[a] western essentialist view of the Orient is itself essentialist at its core, premised as it is upon an essentialist definition of the West. This was underlined by Said’s Oriental Marxist critics—al-’Azm, ‘Amil, Samir Amin, and Aijaz Ahmad—who all reproached him for adhering to a construction of the West that postulates a continuity from Ancient Greece to the present-day United States, and for positing that true knowledge of the Orient is beyond the reach of Western minds, thus pandering to Oriental ethnocentrisms and their own mythical representation of their communities. 

Thus, one of the consequences of Said’s charge that Marxism is Orientalist, as Mahdi ‘Amil argues, is that it strengthened the hand of ultranationalists and religious fundamentalists who sought to marginalize radical and Marxist activists in the global South claiming that these “foreign” ideas have no place in the East. 

The core of Achcar’s argument against Said’s critique of Marx, however, is based on Marx and Engels’ method of analysis, historical materialism, which radically departed from earlier idealist views of history. Achcar suggests that Said’s key theoretical weakness in his critique of Orientalism is his failure to grasp that “historical idealism [is] the main matrix of cultural essentialism.” Idealist interpretations of history offer the ideology of historical actors, or the culture of a region/people, as key to understanding social dynamics. This mode of analysis was dominant in Europe prior to Marx and informed the methods used by Orientalist scholars. The German philosopher Hegel represented the pinnacle of philosophical idealism as a method, an approach he used in his analysis of the “Mahometans.” When Marx broke with Hegelian idealism and developed a materialist conception of history, he broke also with cultural essentialism. 

As Achcar explains, 

If Orientalism in the pejorative sense consists of adhering to a set of prejudices about the Oriental (Muslim, Arab, Indian, etc.) ‘cultural nature,’ there is no more radical rejection of this perspective than a conception that discounts the very idea of a “cultural nature” in order to explain every cultural form as the historical product of the material circumstances shaping the existence of the human group that bears the culture in question—a culture that will inevitably be altered when the material circumstances themselves change.

However, Achcar does note that Marx’s early writings on colonialism and colonized nations were in fact Eurocentric. Thus, the early Marx wrote pejoratively and wrongly about India’s stagnant economic condition. Achcar argues that these mistakes were the product of a lack of accurate knowledge about non-European societies. He refers to this form of Eurocentricism as epistemic, as opposed to the supremacist type of Eurocentrism rooted in imperial ethnocentrism. Above all, Marx and Engels were internationalists who were on the side of workers and the oppressed everywhere, and who through the course of time would come to correct their views of non-European societies.

The first learning moment was the discovery that British capitalism had stunted Irish development. This recognition that colonialism did not create progress led Marx and Engels to revise their perception of non-European societies as well. Ireland, as Achcar writes, was “key to India and Algeria.” Between 1848 and 1857, Engels shifted his assessment of Algeria radically, going from a position that colonial capital plays a “civilizing role” to a harsh denunciation of the ravages of colonialism. Similarly Marx’s attitudes would change dramatically in the late 1850s. Thus, the first volume of Capital contains a searing critique of Edward Gibbon Wakefield, an advocate of the “civilizing mission,” and Marx’s letters from Algeria also mark a sharp break with his earlier views. Achcar therefore argues that “any comment on Marx’s attitude towards India that considers his 1853 articles alone, without exploring the whole history of his statements on India until his last writings, and builds on those articles in order to formulate a general judgment on his ‘Orientalist’ or ‘Eurocentric’ bias, is fundamentally flawed and unsound.”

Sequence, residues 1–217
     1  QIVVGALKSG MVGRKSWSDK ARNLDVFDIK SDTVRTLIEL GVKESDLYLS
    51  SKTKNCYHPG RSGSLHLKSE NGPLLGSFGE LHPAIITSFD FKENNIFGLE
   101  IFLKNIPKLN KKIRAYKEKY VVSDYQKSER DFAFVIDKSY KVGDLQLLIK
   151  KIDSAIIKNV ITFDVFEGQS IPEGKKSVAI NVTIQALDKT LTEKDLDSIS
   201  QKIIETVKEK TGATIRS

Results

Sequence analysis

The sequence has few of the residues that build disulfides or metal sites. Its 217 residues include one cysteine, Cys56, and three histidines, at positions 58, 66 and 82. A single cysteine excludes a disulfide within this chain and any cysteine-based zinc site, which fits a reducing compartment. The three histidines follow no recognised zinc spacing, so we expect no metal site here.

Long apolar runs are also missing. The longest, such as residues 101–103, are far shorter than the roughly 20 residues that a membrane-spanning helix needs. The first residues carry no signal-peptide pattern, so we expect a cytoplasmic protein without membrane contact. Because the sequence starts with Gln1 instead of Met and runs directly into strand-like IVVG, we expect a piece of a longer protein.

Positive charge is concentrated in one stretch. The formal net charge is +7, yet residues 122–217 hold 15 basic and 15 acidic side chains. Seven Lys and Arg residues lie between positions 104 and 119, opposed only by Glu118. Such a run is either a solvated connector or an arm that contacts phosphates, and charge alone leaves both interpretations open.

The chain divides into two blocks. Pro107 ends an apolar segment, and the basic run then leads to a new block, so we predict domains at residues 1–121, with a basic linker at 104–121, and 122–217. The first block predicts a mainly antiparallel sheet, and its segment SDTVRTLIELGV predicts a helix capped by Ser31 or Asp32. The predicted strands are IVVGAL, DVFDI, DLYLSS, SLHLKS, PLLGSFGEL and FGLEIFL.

Said’s lack of mastery of Marx and Engels’ writing, and of historical materialism as a fundamental break with idealism, combined with an intellectual and political climate in the 1970s that was hostile to Marxism meant that Said never took his Marxist detractors very seriously. His methodological eclecticism, borrowing for instance from both Foucault and Gramsci, can be understood to be the product of on the one hand, his commitment to human liberation and his involvement in the Palestinian struggle which made Marxism appealing, but on the other, of the pressures in the academy towards a new postmodern oeuvre which was fundamentally anti-Marxist. It is his Foucauldian structuralism, and the view that subjects are constituted by discourse, that leads Said into the idealist and geographical essentialist camp, even while his activism opened up possibilities for real resistance.

Achcar has produced a fine volume of essays that are an essential read for a new generation of leftists, particularly in the aftermath of the Arab uprisings. What would have been even more useful is if Achcar had turned his attention in the first chapter to the progressive reappropriation of Islam by Muslim youth in the era of the War on Terror. Looking for a liberation theology equivalent in Islam, young Muslims have turned to the Iranian writer Ali Shariati, the Egyptian philosopher Hassan Hanafi, but more universally to the experience of Black Muslims in the US and the work of Malcolm X. An analysis of this phenomenon, from a scholar like Achcar with a comprehensive mastery of the relevant subjects, and a comparison with Christian liberation theory, would have been extremely helpful.

Don’t let the size of the book fool you, this small book is packed with dense and useful arguments that are vital for Marxists today. 

Issue #82

March 2012